As mentioned above, in clear sky cases, the surface reflectance has a strong influence on the average photon path length L. In this work, in order to simplify the data processing, the surface reflectance is approximated by the average window reflectance at top of atmosphere in the clear fraction of MERIS pixels contributing to each synthetic EPIC pixel. In doing so, the errors caused by neglecting the small atmospheric contribution to the top-of-atmosphere reflectance are accepted, instead of relying on a reflectance database which would be applicable only over land anyway. For cases of broken clouds (subscale cloud fraction less than 0.3), Figure 2(d) shows that the resulting deviation ΔCT P tends to be negative for dark surfaces, since the contribution of the surface to the measured signal is weak and L is mainly determined by scattering in the atmosphere. For brighter surfaces there is a weak tendency for a positive bias of CT PEPIC. The oscillating pattern of the two-dimensional histogram is caused by the different frequencies of occurrence of reflectance values around the oxygen A band, exhibiting maxima below a reflectance of 0.1 (ocean cases) and above 0.2 (land surfaces).
Influence of Subscale Variability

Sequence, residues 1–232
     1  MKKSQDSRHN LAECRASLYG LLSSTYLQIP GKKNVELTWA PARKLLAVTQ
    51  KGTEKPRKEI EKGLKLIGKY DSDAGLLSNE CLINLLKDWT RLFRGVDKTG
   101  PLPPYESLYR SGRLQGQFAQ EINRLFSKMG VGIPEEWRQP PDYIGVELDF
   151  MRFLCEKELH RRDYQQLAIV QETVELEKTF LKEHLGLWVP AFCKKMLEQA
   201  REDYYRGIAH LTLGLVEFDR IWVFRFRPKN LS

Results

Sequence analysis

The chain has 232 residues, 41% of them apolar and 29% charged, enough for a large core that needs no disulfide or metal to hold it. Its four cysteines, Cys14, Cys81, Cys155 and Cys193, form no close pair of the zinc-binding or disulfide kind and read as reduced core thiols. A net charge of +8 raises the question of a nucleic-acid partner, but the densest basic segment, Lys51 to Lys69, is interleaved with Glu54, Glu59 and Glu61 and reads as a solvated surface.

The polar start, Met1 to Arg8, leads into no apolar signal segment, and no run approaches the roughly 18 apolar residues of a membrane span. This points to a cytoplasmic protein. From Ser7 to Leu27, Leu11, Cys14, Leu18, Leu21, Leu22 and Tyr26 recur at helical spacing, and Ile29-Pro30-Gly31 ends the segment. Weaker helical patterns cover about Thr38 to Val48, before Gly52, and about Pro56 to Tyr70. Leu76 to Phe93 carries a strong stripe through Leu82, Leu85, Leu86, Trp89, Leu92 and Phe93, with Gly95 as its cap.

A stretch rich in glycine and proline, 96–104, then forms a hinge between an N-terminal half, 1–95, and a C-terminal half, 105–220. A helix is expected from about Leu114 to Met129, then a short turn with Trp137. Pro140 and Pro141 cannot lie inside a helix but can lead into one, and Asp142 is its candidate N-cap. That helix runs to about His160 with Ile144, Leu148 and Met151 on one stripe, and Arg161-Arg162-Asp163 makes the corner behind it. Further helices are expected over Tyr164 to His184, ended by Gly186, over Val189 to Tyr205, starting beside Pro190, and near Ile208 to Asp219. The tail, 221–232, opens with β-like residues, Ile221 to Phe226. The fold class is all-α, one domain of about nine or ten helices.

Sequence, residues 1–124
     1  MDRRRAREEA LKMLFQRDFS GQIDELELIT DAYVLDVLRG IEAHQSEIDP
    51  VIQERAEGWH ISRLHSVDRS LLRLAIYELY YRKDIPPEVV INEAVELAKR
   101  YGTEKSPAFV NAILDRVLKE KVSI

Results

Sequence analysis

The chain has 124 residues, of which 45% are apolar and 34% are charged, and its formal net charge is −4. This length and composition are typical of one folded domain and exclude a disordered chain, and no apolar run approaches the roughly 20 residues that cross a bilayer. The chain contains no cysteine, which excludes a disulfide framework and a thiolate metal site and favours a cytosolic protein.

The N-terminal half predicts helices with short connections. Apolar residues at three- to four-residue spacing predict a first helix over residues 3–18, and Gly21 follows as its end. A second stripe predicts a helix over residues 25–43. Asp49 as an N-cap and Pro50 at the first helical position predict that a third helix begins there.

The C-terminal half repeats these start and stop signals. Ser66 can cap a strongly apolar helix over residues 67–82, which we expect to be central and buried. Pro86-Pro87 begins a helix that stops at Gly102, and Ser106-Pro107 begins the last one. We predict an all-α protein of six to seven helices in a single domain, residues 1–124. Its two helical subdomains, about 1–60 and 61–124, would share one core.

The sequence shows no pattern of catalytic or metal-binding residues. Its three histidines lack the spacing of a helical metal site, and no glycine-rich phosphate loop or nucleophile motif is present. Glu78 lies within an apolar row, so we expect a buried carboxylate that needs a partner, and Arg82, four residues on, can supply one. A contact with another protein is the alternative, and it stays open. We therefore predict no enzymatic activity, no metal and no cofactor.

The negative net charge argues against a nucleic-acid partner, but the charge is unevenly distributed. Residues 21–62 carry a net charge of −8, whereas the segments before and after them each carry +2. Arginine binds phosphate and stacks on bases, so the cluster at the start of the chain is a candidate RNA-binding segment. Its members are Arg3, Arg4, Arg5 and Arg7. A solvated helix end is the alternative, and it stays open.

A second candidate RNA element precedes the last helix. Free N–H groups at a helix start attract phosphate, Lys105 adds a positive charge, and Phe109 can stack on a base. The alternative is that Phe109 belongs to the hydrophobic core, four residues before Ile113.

The remote sensing of spatially heterogeneous targets such as clouds is complicated by a number of error sources, such as the assumption of homogeneous pixels and neglecting the horizontal photon transport by assuming radiatively independent pixels (Independent Pixel Approximation, e.g., ). While three-dimensional effects are important for spatially highly resolving measurements (resolution ≤200 m), the subscale heterogeneity is the dominant contributor for spatial resolutions of 1 km and larger . In order to determine the influence of heterogeneous clouds on CT PEPIC, all pixels with a subscale cloud fraction of 1 were analysed with respect to the standard deviation σ of CT P among the 100 contributing MERIS values. Figure 2(e) shows the resulting ΔCT P as a function of σ, revealing a slight low bias of CT PEPIC for high values of σ. Only 1%–2% of the analyzed cases exhibit a subscale standard deviation of more than 100 hPa (note the logarithmic color scale), corresponding to an underestimation of CT P by roughly 20 hPa on average. This underestimation of CTP is due to the concavity of the channel ratio r, when plotted against CTP (see Figure 3). The consequence of this is, that (r(CT P1) + r(CT P2))/2 > r((CT P1 + CT P2)/2), where the left side of the equation represents the EPIC measurement and the right side represents the algorithm assumption of a homogeneous cloud layer. For a specific case, this means that the measured channel ratio for a closed, homogeneous cloud layer at a height of 500 hPa is somewhat smaller than that caused by a split cloud deck, with 50% of the clouds residing at 200 hPa and 50% at 800 hPa. The larger channel ratio in cases of a high subscale variability of CTP will therefore always result in a negative bias in retrieved CTP, as compared to the average CTP in the field fo view.